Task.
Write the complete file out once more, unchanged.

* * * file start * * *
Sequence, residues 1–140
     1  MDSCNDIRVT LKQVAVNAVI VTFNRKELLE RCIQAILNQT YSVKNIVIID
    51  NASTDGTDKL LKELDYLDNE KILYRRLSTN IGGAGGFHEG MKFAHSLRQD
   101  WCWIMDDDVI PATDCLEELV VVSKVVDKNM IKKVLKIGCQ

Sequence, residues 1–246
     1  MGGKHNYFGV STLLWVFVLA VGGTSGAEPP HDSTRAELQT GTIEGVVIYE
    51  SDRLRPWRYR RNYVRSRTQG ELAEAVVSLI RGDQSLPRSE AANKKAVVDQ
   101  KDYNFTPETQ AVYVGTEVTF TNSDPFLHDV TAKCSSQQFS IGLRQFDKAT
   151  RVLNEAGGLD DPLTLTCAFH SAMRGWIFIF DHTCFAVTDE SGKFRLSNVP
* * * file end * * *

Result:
Sequence, residues 1–140
     1  MDSCNDIRVT LKQVAVNAVI VTFNRKELLE RCIQAILNQT YSVKNIVIID
    51  NASTDGTDKL LKELDYLDNE KILYRRLSTN IGGAGGFHEG MKFAHSLRQD
   101  WCWIMDDDVI PATDCLEELV VVSKVVDKNM IKKVLKIGCQ

Sequence, residues 1–246
     1  MGGKHNYFGV STLLWVFVLA VGGTSGAEPP HDSTRAELQT GTIEGVVIYE
    51  SDRLRPWRYR RNYVRSRTQG ELAEAVVSLI RGDQSLPRSE AANKKAVVDQ
   101  KDYNFTPETQ AVYVGTEVTF TNSDPFLHDV TAKCSSQQFS IGLRQFDKAT
   151  RVLNEAGGLD DPLTLTCAFH SAMRGWIFIF DHTCFAVTDE SGKFRLSNVP